WASHINGTON (AP) — A proposal to enshrine abortion rights in Ohio’s Constitution was approved in a statewide election Tuesday, with a significant number of Republicans joining with Democrats to ensure the measure’s passage.
The Associated Press has called the race, with votes cast in favor of proposal winning with about 56% of the vote, compared with about 44% for votes cast in opposition — a lead of approximately 232,000 votes as of the latest tally.
Known as “Issue 1,” the proposal would amend the state Constitution to establish the right to “make and carry out one’s own reproductive decisions” on matters including abortion, contraception and fertility treatment. It would also allow for abortions to be banned once it has been established that the fetus can survive outside of the womb, unless a physician determines that continuing with the pregnancy would endanger the patient’s “life or health.”
Tuesday’s vote followed a similar path as an August ballot measure election that would have raised the threshold to amend the state Constitution from a simple majority to 60% of the statewide vote. The August measure, which failed 57% to 43%, did not mention abortion or reproductive rights specifically but quickly became a proxy fight over reproductive rights as it would have made it more difficult for Tuesday’s measure to pass.
In this election, the more than 836,000 advance votes cast by mail or in-person before Election Day broke heavily in favor of the amendment, with Yes votes receiving roughly 63%, compared with 37% for No votes. This is not surprising, considering Ohio Democrats campaigned heavily in favor of Issue 1, and pre-Election Day voting tends to skew heavily Democratic.
The Yes side also appeared to have a slight lead among votes cast on Election Day, which is notable because Election Day votes have tended to favor Republicans ever since Donald Trump discouraged advance voting in his failed 2020 reelection bid. The No side initially led in the Election Day vote on Tuesday evening in the early stages of vote-counting, but that advantage steadily eroded.
When the AP called the race, the No side was still ahead among Election Day voters but not by enough to offset the advantage the Yes side had amassed in the pre-Election Day advance votes.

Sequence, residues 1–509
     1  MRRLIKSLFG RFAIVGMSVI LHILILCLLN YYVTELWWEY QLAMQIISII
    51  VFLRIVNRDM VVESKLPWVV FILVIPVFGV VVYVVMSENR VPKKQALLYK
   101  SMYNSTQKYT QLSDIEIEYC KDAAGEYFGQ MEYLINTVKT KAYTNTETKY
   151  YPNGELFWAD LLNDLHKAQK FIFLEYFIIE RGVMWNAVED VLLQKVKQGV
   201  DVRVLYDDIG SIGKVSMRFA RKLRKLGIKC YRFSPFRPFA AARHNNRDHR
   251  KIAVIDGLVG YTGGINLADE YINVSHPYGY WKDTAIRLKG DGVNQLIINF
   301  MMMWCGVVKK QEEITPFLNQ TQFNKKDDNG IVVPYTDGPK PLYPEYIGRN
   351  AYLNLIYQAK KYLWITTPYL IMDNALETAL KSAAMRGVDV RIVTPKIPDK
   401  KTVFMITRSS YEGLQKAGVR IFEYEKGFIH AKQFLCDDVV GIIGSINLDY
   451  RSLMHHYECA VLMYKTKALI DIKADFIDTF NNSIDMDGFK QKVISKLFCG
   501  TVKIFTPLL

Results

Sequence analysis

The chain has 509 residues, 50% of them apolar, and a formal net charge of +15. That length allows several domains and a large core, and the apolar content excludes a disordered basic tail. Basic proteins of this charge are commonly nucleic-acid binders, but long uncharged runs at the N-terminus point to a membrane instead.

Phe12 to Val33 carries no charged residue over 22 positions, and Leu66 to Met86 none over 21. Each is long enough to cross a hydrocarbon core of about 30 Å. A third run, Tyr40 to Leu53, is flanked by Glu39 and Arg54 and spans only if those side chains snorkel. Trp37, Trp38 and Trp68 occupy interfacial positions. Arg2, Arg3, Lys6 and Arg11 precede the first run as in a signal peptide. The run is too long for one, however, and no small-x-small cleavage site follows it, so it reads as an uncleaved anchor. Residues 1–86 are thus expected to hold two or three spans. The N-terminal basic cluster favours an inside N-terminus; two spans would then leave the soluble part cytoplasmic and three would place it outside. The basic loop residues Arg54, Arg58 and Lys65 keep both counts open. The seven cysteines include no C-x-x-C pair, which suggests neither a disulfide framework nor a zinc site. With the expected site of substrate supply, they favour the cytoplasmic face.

Aaron Baer President of Center for Christian Virtue, concedes that the abortion rights proposal has passed during a watch party for opponents of Issue 1 at the Center for Christian Virtue in Columbus, Ohio, Tuesday, Nov. 7, 2023. (AP Photo/Carolyn Kaster)
The scope of the victory for the Yes side suggests that a significant number of Republicans voted in favor of Issue 1. While the No side appears to have won all 44 of the counties Trump won in 2020 with more than 70% of the vote, the Yes side won 9 of the 10 counties that Trump won with less than 60% of the vote. Yes was also leading in a third of the counties that Trump carried, with between 60% and 70% of the vote. The No side trailed Trump’s performance in every county in the state except for Putnam, as of the latest tally. Yes votes had an overwhelming lead in areas President Joe Biden won in 2020, as expected.
The pro-abortion rights forces appear to have scored a broader victory geographically than they did in the August ballot measure vote. Yes was leading in 21 of the 22 counties that the pro-abortion rights position won in August and also prevailed in a handful of additional counties that previously sided with the abortion rights foes.
Yes had comfortable leads in the counties making up the metropolitan areas of Cincinnati, Cleveland, Columbus and Youngstown, mirroring the August vote. No was ahead in Dayton and appears to have picked up Toledo, which voted with abortion rights supporters in August.
Ohio is the latest state to put the question of abortion rights directly to voters. It’s also the latest state where voters decided either in favor of protecting access to abortion or against placing further restrictions on the procedure. In 2022, voters in California, Michigan and Vermont approved state constitutional amendments enshrining abortion rights, while voters in Kansas and Kentucky rejected measures to amend their state constitutions to restrict the procedure. Montana voters also rejected a proposal that year backed by opponents of abortion rights.